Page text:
If

Ron Paul, member of the United States House of...

Ron Paul, member of the United States House of Representatives from Texas. (Photo credit: Wikipedia)

If I lost my home due to fire, earthquake, flood, hurricane or tornado, and the insurance company refused to reimburse me or went bankrupt due to a large number of claims, I would be homeless.

If Congress reduced my Social Security payments below the rate of inflation and cut Medicare payments and I did not save enough for retirement, I would live my golden years in poverty.

If I suffered a major accident or acquired a life-threatening illness and my insurer refused to cover the necessary treatment, I would live on with pain or die early.

If I subscribed to the above, I would support Ron Paul and the GOP. However, I do not subscribe to those views and therefore I support Barack Obama.

Chained wages

"Wake Up Walmart Campaign" requestin...

“Wake Up Walmart Campaign” requesting additional wages. (Photo credit: Wikipedia)

Once upon a time, American workers earned enough in wages to afford to purchase goods and services produced in America by American workers. Those days began to end in the 1980s. Americans began the long, slow decline in our standard of living by downsizing our expectations and our purchases, substituting cheaper goods where possible and borrowing against our paper assets in the stock market and our homes when we resisted downsizing. That is an example of chained wages, where wages do not keep up with the cost of living. Borrowing against our paper assets came to a screeching halt in 2007 at the beginning of the Great Recession.

Now some in Washington are advocating a chained CPI, a way to refigure and reduce the annual cost of living increase for retirees and other recipients of so-called “entitlements.” Using the rationale that less income will force Americans to further downsize our purchases, proponents of a chained CPI want us to substitute pet food for human food and later substitute no food for pet food. Instead of American made durable goods, we are expected to substitute Chinese made not-very durable goods retailed by big-box discounters. The current government calculated COLA adjustment to entitlement programs is totally inadequate. To reduce it further in order to save the 1% from paying additional taxes is a high crime and misdemeanor truly worthy of impeachment of any legislator who supports it.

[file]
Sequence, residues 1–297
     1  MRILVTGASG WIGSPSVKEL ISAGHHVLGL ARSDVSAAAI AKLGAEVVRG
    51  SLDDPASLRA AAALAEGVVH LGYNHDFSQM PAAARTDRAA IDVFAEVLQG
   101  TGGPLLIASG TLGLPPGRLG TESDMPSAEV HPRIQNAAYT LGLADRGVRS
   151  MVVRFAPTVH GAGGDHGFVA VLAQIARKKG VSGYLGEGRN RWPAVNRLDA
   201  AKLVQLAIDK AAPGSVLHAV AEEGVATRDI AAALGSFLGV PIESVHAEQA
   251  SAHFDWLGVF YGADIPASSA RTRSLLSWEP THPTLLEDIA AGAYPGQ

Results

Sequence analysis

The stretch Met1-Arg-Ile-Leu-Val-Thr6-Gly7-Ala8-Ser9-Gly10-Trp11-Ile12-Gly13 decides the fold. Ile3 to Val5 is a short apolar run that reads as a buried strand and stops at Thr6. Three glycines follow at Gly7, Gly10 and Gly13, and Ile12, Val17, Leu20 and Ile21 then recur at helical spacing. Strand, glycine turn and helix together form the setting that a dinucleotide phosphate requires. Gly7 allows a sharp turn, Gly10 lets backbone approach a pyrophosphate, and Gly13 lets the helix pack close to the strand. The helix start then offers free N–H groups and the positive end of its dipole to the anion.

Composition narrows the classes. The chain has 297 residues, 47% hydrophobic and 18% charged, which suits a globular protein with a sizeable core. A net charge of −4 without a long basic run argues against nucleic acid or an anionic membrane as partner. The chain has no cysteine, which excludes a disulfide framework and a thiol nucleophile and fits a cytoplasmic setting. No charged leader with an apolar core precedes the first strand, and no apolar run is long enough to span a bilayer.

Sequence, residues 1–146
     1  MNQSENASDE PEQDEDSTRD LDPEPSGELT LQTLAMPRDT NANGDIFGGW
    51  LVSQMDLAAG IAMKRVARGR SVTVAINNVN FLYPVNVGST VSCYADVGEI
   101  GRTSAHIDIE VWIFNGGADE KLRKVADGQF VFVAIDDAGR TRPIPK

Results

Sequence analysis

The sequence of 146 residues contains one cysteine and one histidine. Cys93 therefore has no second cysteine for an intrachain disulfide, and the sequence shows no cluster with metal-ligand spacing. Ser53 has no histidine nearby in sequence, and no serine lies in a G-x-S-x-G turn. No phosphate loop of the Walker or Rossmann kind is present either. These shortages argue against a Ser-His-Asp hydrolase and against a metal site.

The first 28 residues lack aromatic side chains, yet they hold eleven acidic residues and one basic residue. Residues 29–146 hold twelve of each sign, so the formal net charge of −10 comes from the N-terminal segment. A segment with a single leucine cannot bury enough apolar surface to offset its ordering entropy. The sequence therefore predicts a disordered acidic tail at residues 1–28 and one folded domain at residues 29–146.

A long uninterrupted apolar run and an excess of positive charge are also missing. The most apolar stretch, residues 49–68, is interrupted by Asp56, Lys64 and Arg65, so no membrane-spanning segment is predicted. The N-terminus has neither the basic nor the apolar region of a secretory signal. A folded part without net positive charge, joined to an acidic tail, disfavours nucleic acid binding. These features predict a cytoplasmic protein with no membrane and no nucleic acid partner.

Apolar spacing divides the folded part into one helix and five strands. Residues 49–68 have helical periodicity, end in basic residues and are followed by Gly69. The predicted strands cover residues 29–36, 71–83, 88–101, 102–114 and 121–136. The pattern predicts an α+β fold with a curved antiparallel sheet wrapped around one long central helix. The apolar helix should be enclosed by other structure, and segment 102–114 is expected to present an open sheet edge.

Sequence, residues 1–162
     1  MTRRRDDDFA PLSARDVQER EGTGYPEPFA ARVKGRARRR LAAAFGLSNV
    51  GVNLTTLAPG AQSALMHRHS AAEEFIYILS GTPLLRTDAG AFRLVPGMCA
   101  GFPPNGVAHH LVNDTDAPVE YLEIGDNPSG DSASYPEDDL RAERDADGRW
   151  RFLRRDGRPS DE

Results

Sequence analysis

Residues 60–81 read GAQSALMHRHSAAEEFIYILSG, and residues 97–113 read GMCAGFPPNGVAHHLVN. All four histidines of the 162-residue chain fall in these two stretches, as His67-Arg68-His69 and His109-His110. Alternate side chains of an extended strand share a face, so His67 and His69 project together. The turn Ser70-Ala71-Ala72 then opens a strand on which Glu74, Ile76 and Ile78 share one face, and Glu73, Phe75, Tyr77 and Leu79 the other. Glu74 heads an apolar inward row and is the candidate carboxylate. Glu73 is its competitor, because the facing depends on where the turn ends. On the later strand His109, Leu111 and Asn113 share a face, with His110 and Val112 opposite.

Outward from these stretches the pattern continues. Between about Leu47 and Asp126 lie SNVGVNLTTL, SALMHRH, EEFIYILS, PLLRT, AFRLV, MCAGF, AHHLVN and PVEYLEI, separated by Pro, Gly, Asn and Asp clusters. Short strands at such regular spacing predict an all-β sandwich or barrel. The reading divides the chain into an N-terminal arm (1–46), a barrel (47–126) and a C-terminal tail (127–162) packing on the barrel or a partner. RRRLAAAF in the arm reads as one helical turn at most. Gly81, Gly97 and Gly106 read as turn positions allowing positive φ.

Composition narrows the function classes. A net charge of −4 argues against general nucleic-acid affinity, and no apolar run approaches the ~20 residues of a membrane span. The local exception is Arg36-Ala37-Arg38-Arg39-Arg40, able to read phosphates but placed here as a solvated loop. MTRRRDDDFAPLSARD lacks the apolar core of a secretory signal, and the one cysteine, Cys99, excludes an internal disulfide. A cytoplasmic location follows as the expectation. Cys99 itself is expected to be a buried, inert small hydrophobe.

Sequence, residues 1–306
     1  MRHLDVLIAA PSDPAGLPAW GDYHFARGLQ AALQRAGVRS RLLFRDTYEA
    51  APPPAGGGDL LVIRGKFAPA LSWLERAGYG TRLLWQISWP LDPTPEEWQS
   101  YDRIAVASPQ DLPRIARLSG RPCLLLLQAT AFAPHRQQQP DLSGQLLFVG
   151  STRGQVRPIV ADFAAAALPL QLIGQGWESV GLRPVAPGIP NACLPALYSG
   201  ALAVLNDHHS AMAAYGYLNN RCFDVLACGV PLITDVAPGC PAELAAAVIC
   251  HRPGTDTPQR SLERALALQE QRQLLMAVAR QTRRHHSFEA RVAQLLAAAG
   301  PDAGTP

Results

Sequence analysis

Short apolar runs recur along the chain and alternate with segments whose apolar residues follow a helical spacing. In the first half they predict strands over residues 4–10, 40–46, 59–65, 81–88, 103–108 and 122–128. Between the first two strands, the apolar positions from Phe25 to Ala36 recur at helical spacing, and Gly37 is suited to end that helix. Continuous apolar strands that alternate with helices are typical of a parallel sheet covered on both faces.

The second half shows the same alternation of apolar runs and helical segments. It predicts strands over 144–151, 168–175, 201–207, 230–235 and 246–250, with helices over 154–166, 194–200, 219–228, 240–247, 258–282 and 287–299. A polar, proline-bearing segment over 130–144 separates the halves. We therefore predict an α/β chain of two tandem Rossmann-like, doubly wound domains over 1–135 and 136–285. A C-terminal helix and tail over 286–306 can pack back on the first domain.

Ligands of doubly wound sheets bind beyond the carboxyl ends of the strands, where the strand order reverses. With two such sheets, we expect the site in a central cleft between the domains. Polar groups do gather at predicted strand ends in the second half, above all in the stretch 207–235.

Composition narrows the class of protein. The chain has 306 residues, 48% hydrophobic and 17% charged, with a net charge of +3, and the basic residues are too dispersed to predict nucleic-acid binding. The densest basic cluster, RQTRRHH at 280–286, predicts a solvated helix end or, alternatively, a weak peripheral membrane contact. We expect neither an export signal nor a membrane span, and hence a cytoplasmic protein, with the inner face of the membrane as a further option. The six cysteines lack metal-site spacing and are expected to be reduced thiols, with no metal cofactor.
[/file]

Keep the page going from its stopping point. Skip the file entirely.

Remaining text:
Guilt

Benefit Security Card .. HALF of the U.S live ...

Benefit Security Card .. HALF of the U.S live in households that receive government benefits (26 May 2012) …item 2.. Brevard man gets 4 years in Social Security fraud case (Jun 1, 2012 ) … (Photo credit: marsmet481)

If the Bush era tax cuts are reversed only for those earning over $400,000 or for those earning more than $1,000,000 at the expense of recipients of Social Security, I hope that at least some of those earning more than $250,000 and less than $400,000 or whatever the final number happens to be, will feel some guilt at retaining their tax breaks. The current way of calculating Social Security’s annual cost of living adjustment is grossly inadequate. To reduce that amount on a technicality by using a chained CPI is an insult and an embarrassment. I have read that President Obama may agree to it as the least bad compromise to be had. If true, I hope that the 2014 election will change Congress enough to allow a more equitable calculation of future Social Security cost of living adjustments.